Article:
Playbook, my old haunt, reported last week an interesting sighting of Boris Epshteyn, Donald Trump’s legal quarterback, meeting with Hogan Lovells partner Aaron Cutler over breakfast at Bourbon Steak on Pennsylvania Avenue. The two are old friends, of course, and Washington is a small town where lawyers routinely do each other favors. However, according to people familiar with the conversation, this breakfast meeting involved Cutler proposing to Epshteyn that his white shoe firm could help the Trump legal team with the fallout stemming from the Mar-a-Lago document headache. In particular, Cutler said that Hogan Lovells could help manage Judge Raymond Dearie, Trumpworld’s handpicked, and instantly regrettable, special master in the case.
Trump’s embattled legal team, after all, seemingly extrapolated that Dearie’s role in the Carter Page FISA case indicated that he was some sort of F.B.I. scold, who might view the former president’s case with sympathy. As it turned out, however, that was a gut-made, diligence-light miscalculation. In fact, Dearie has been downright hostile to Trump’s team in court, telling them, among other things, “you can’t have your cake and eat it, too.” It was a bad bet, one of Trump’s advisors told me.
Over breakfast, Cutler told Epshteyn that his firm’s lawyers in New York could help; among other things, they had experience with Dearie, and could help manage the situation. This kicked off Hogan Lovells’s proposal to help the Trump legal team with their document issue via various lawyers, and even lobbyists. Ultimately, however, the arrangement never got off the ground. Instead, some lawyers at the firm were not keen to get involved in Trump’s legal woes and, these being particularly politically savvy lawyers, various conflicts of interest somehow began to emerge. Just this week, the team at Hogan Lovells made it known to Trumpworld that they could not take the case.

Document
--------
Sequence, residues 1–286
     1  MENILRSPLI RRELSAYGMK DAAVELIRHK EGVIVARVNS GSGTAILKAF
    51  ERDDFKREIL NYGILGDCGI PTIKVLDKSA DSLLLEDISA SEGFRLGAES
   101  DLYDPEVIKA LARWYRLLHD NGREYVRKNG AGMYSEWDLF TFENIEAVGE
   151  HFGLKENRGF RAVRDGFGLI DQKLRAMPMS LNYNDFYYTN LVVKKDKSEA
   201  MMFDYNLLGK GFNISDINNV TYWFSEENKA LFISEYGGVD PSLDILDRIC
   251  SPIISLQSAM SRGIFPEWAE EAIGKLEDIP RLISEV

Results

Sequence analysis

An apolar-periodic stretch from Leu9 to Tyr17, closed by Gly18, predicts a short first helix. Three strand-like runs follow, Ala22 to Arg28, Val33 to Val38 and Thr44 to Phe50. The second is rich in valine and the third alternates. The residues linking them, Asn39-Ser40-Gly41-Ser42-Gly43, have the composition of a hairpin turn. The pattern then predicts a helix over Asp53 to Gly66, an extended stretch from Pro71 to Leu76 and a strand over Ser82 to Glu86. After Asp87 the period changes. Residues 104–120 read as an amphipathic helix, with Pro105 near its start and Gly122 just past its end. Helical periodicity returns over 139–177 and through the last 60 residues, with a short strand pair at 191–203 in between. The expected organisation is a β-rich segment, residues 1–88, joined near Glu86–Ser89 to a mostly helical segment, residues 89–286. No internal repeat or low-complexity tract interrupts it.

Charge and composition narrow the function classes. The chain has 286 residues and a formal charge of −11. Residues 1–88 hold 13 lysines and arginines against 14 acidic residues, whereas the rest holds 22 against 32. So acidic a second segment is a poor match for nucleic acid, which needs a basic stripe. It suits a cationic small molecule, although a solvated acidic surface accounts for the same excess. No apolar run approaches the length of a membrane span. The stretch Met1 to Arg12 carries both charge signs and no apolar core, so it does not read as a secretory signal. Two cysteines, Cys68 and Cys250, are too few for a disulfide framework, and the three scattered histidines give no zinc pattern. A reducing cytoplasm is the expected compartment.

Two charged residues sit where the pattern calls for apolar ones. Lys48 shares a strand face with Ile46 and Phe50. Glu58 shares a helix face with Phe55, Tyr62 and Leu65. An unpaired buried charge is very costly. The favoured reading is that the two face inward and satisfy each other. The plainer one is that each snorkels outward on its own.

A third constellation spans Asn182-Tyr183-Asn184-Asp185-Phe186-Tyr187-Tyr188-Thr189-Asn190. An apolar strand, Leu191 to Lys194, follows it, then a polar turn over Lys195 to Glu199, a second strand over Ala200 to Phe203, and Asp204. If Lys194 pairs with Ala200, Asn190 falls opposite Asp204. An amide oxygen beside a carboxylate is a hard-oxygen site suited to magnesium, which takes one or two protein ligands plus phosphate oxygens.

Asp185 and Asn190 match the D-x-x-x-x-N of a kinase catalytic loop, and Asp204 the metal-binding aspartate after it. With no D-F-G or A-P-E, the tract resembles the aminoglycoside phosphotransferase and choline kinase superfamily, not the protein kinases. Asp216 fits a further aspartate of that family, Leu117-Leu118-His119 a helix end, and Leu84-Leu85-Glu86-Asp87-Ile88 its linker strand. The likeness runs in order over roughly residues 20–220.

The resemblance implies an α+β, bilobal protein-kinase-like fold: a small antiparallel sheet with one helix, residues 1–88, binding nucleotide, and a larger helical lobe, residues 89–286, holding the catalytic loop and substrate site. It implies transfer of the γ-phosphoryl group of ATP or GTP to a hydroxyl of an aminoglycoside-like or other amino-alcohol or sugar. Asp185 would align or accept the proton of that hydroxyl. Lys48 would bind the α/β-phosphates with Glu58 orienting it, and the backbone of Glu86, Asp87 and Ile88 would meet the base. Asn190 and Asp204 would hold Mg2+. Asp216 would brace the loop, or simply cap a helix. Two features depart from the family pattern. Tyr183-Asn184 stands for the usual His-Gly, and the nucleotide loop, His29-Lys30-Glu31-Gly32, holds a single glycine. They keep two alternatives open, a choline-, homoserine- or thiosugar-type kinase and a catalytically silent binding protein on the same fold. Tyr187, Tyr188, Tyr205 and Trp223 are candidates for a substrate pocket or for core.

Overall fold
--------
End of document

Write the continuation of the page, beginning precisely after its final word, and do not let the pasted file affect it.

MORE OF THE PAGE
And they likely aren’t the only shop around town turning down his business—after all, Hogan is a respectable firm but it isn’t Williams & Connolly or, say, Jones Day. “No firm would take him, that’s what we learned in 2017,” George Conway told me, recalling when Trump called him for advice after Rod Rosenstein appointed Bob Mueller as special counsel. “They asked me about a bunch of different lawyers and nobody was willing to do it. Sullivan & Cromwell said, No way. That’s why he ended up with John Dowd, who was a solo practitioner and he was the only person they could find. Trump was notorious in New York for not paying his bills and he wasn’t going to follow legal advice. And he shops around for what he wants to hear.”
It wasn’t all bad news for Trump’s legal advisers, however. The team received some positive news Thursday when Judge Aileen Cannon ruled that Trump will not have to back up his public claims with a sworn statement that the F.B.I. planted documents in Mar-a-Lago. (This came after Dearie asked that Trump’s team confirm under oath exactly what was seized during the search.)
But the Cutler meeting isn’t the only sign that Trumpworld is taking this case very seriously. TV surrogates, like OAN News reporter-turned-Trump lawyer Christina Bobb, have been pulled from the airwaves, presumably to prevent them from making inadvisable comments, I’ve been told. This may explain why she hasn’t appeared on Laura Ingraham in weeks.
Alas, some things in Trumpworld never change, as Conway notes, such as the need to placate the man in charge. Christopher Kise, with his $3 million retainer, will remain on the team but will not be the lead on the archives case. His misdeed? Offering some advice that Trump didn’t like, I’m told.